We present a monitoring system enabling the detection and measurement of movements in rock walls and mountains. Based on a very low power wireless sensor network approach, the system uses accelerometers to measure tilt and rotation, a crackmeter to measure crack displacement, and it implements LoRa technology to transmit data and alarms. Its design and implementation comply with harsh operating conditions, such as those encountered in high altitude alpine environments.
Climate change and global warming are responsible for high variation of temperature in short times, and periods of exceptionally high temperature at high altitudes. The direct consequences are a high stress on rock structures (mountains, cliffs) and the melting of the Permafrost, causing severe rock falls (e.g., 2019 Mattherhorn VS, 2018 Col de la Forclaz VS, 2017 Pizzo Cengalo GR, to mention a few). Therefore, the monitoring of rock movements in order to estimate the degree of danger of rock falls in key locations (e.g., roads, populated valleys, frequented alpine routes, and high alpine environments) is of foremost importance, both for safety and research purposes. Existing Commercial devices are limited to the 1D measurement of crack gaps using a crackmeter. The 3D movement monitoring prototypes previously developed at BFH were far away from being optimal, operational, and usable in alpine environments.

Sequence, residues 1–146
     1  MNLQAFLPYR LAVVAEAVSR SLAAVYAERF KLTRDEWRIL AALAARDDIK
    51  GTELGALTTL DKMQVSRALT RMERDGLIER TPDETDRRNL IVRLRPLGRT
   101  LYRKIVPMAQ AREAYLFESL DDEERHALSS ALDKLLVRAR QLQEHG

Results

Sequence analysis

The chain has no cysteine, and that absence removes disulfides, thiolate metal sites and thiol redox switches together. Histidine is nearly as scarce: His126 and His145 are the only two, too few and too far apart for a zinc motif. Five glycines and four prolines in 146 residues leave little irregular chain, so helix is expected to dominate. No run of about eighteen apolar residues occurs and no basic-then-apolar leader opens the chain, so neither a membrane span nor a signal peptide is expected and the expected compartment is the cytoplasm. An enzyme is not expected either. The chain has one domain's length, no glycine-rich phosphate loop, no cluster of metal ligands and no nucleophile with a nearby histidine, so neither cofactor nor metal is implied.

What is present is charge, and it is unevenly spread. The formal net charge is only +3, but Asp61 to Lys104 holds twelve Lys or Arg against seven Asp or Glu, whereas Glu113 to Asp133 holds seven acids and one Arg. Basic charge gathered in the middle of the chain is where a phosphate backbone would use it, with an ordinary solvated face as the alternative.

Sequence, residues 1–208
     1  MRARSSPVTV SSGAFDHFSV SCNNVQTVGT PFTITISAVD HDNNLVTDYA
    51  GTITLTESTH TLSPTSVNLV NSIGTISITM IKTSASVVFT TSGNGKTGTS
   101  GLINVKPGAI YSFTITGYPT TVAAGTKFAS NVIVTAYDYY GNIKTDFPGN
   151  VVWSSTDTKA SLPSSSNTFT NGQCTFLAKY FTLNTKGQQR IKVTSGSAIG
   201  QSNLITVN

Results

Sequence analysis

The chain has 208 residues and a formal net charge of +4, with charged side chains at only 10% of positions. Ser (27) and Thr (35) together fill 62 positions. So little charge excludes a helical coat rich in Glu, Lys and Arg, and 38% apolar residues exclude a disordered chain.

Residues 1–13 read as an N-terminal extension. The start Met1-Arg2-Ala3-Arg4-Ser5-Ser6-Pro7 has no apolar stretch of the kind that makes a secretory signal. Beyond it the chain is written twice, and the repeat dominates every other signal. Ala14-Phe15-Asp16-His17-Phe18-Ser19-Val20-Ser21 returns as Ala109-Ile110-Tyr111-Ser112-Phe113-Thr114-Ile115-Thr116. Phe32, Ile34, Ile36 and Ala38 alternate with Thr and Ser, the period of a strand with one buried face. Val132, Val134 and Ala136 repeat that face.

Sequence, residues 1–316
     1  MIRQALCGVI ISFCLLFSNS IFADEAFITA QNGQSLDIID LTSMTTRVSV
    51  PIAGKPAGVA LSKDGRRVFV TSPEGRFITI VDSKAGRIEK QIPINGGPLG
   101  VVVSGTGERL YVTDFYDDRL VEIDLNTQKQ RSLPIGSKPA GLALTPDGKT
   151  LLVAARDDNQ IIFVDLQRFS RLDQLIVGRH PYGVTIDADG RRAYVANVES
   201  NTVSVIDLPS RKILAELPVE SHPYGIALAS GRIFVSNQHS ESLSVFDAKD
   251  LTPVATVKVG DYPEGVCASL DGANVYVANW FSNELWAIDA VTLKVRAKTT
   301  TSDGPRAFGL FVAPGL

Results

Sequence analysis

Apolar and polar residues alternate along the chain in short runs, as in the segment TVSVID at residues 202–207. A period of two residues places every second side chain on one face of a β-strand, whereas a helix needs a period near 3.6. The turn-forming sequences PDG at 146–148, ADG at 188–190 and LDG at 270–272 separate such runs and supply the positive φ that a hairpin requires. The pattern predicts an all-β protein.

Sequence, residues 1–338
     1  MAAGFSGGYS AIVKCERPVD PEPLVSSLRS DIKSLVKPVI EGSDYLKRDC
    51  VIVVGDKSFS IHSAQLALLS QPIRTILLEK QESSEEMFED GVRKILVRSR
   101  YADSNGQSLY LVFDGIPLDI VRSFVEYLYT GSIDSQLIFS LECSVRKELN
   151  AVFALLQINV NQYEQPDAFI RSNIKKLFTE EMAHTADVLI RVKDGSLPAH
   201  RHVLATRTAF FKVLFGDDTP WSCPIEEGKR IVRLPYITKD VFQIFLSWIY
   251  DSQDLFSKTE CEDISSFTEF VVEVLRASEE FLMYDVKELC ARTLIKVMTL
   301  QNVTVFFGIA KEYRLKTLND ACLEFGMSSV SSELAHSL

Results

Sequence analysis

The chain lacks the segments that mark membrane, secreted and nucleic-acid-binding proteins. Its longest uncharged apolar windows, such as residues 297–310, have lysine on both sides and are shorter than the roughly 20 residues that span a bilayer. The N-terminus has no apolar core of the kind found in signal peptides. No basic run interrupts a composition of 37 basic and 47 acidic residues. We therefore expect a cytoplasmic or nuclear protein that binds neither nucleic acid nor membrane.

The developed prototype of 3D rock movement monitoring system follows a very low power sensor network approach and has the following key features:
It is composed of
The main board can be used alone (to measure the tilt and rotation of the rock it is fixed on), or in combination with one or two accelerometers, and / or the crackmeter. Such a modularity enables for several monitoring scenarios and extensions. Several monitoring systems can be combined using a LoRaWAN framework, therefore obtaining a Low Power Wide Area sensor network.
A new sensor node prototype has been developed. Functionalities of the monitoring system have been tested in laboratory. In collaboration with Dr. Ludovic Ravanel, geomorphologist at CNRS / Savoy University, we plan to install the prototype on Tour Ronde (3792 m) in the Mont Blanc Range, and to extensively test it.